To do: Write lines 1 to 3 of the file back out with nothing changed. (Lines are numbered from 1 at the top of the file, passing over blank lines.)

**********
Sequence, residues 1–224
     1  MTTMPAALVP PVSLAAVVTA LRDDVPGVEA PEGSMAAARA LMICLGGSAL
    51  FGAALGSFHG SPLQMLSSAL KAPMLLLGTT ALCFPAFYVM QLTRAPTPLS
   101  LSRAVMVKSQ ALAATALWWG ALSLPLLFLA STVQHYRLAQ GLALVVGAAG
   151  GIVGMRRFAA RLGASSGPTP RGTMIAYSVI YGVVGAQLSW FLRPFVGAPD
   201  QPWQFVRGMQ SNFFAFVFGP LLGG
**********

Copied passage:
Sequence, residues 1–224
     1  MTTMPAALVP PVSLAAVVTA LRDDVPGVEA PEGSMAAARA LMICLGGSAL
    51  FGAALGSFHG SPLQMLSSAL KAPMLLLGTT ALCFPAFYVM QLTRAPTPLS